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Fed may pause rate hikes on inflation, growth data, strategist says

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Frances Newton Stacy, Optimal Capital Director of Strategy, and
Kevin Nicholson, RiverFront Investment Group Global Fixed Income Co-CIO, joins Yahoo Finance Live to recap the markets on Feb. 9.

Video Transcript

[MUSIC PLAYING]

BRAD SMITH: Welcome back to Yahoo Finance Live, everyone. Major averages pointing towards a higher finish across the board and trying to add on to the consecutive days of gains. I'm Brad Smith, here with Emily McCormick. And standing by for the analysis after the bell, we've got Frances Newton Stacy, Optimal Capital Director of Strategy, and Kevin Nicholson, RiverFront Investment Group Global Fixed Income CIO. Great to have you here, both with us.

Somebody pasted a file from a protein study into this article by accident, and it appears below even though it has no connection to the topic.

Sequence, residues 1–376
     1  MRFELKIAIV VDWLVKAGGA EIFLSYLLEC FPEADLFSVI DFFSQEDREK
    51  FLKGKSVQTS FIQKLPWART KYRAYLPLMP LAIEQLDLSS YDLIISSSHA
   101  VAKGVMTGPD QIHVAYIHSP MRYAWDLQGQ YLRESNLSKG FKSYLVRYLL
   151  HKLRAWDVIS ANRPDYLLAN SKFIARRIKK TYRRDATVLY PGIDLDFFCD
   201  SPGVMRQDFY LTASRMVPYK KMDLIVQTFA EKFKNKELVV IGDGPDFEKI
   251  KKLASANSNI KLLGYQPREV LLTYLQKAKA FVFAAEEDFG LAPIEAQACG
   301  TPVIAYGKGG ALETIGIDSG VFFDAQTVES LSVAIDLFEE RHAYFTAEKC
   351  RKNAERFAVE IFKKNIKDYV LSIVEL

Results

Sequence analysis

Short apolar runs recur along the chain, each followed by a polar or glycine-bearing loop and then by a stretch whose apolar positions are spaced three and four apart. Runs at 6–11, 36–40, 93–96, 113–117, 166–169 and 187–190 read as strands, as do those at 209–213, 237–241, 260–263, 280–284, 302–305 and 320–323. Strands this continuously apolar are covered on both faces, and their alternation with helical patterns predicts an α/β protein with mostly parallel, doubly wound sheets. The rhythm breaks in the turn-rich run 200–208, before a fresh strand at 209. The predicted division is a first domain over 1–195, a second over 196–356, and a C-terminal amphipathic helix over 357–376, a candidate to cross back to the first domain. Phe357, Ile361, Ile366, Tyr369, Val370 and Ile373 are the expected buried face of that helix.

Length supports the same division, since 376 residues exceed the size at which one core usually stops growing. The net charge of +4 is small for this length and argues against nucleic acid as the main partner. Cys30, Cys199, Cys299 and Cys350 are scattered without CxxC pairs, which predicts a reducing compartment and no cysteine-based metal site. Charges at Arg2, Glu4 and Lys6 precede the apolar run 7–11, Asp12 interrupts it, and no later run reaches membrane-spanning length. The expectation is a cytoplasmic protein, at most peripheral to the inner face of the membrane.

We're going to get into some of the analysis after the bell. But right before then, let's just take another look at where we are standing going into that closing across the Dow Jones Industrial average. You're seeing that right now.

Still holding onto gains of about 8/10 of a percent. The S&P 500 also in positive territory by about 62 points, 1.4% we'll round that off to. And the NASDAQ composite seeing gains of 2% on today's activity, 288 points in positive territory with just seconds left.

Also here, let's take a quick look at the sectors. You've got 10 out of 11 S&P 500 sectors in positive territory on the day. The only laggard-- consumer staples. However, the gains are coming in from communication services, real estate, and technology. And then just lastly here, the biggest Dow components that we're seeing moving-- Disney ahead of their earnings results, coming after the bell. Let's take a live look at the closing bell today.